Also, the employer will have to register before the tax or treasury authority of the State (i.e. local authority). States collect a Payroll tax that is paid by the employer based on wages and other expenditures.
As a general rule, the Labor Law establishes that an individual employment agreement duration is indefinite (i.e. permanent). Temporary contracts are permitted, however, only when there is a justified cause, such as probationary periods, initial training, among other situations. The employer has the legal duty to have a copy of the agreement.
Mexican employers may hire foreign employees. However, the Labor Law provides that employers must comply… Continue reading.
Outsourcing labor legal schemes are carefully regulated to prevent their abusive use against employees and their labor rights. The 2012 labor reform introduced the “outsourcing or subcontracting regime”, including two very relevant provisions. In essence, a labor-intensive service agreement, for instance, may have far-reaching legal consequences to the extent of deeming service provider’s workers as employees of the contracting company.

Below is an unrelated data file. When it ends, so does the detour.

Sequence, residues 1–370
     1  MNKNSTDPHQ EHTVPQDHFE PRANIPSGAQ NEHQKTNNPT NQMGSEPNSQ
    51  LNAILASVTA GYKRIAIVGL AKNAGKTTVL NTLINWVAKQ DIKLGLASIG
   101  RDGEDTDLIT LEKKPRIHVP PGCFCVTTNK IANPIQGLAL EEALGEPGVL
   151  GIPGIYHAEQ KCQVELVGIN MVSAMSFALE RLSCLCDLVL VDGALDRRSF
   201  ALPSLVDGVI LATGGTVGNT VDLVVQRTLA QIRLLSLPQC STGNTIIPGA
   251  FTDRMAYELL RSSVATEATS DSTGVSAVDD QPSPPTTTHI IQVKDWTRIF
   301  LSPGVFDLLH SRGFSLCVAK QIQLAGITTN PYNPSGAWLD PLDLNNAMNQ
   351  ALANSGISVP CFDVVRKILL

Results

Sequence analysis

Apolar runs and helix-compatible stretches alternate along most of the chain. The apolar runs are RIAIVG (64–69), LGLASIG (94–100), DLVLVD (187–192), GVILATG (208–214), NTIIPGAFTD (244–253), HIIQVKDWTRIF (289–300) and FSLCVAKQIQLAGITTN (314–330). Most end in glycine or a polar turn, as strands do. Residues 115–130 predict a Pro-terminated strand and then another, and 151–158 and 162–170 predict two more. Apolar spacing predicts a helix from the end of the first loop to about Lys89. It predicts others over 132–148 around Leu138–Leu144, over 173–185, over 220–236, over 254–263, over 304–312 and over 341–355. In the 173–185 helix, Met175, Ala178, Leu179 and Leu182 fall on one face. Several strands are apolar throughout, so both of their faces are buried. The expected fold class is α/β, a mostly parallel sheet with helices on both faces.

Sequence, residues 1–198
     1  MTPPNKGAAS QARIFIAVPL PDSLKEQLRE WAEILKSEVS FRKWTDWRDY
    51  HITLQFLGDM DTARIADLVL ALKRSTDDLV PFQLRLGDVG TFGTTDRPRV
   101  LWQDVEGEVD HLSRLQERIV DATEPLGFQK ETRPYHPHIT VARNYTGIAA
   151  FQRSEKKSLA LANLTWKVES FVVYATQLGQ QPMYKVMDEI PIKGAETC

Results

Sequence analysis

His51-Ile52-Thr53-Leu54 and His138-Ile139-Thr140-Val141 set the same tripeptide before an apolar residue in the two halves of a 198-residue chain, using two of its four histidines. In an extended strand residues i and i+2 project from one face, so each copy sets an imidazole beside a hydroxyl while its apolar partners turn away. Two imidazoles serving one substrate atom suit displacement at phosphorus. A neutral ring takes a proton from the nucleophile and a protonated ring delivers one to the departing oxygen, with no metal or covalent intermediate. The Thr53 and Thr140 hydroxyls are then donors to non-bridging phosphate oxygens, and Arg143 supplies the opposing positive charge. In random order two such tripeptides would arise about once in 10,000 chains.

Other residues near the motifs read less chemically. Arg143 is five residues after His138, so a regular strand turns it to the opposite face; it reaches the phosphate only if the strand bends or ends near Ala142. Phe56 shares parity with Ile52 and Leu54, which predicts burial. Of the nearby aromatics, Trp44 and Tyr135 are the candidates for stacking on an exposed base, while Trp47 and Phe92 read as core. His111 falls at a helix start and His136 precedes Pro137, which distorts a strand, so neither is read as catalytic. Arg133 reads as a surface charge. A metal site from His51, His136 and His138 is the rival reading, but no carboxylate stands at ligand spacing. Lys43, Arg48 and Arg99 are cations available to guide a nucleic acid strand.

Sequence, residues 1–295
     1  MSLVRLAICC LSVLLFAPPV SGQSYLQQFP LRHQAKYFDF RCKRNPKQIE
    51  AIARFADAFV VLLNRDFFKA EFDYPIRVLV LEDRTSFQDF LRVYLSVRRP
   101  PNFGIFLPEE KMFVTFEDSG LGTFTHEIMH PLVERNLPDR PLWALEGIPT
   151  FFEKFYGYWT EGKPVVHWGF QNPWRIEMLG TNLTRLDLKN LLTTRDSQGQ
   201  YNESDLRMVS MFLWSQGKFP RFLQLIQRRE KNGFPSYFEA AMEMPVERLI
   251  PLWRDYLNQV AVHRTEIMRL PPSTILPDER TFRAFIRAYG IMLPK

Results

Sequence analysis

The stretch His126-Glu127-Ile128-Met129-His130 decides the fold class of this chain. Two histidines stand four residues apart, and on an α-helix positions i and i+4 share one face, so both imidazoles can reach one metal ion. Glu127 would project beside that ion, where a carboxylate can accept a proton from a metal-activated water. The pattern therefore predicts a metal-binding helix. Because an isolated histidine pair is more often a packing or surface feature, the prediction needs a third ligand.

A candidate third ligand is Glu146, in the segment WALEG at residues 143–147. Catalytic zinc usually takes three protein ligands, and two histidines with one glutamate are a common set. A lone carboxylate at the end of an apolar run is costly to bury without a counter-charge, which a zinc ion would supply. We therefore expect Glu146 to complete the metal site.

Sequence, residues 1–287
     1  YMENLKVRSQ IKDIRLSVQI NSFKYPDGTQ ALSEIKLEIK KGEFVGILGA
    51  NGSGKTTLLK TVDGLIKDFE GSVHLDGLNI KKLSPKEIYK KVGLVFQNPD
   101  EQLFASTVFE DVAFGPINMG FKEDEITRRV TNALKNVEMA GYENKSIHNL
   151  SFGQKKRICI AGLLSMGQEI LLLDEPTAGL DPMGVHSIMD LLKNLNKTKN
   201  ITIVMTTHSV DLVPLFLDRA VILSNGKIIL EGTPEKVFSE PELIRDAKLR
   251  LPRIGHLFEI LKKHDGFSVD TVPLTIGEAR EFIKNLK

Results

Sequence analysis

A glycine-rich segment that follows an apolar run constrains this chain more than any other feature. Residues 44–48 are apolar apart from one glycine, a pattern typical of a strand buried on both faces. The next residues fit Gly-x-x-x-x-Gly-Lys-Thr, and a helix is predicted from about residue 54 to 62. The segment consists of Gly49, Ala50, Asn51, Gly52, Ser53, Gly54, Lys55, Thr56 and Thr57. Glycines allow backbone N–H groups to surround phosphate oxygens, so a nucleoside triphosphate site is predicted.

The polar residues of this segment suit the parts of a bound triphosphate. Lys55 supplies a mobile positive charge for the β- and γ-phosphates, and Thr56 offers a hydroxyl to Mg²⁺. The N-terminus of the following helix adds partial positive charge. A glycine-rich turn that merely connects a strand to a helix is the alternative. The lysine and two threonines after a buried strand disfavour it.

In essence, the Labor Law considers that outsourcing entails a “contractor” (i.e. outsourcing company) that performs work or provides services to a “beneficiary”, an individual or enterprise. The beneficiary sets the tasks and supervises the development and execution of the contracted work. In turn, the outsourcing company will carry the services or work with his own employees.
An outsourcing company is responsible for all labor obligations, including social security and tax regarding, his employees. Needless to say, the beneficiary of the outsourcing services is jointly liable in the event that the outsourcing company fails to fulfill its labor obligations (including tax and social security).
The Labor Law considers, for instance, “human resources” companies (e.g. head-hunters) as….Continue reading.
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 Article 20 of the Labor Law.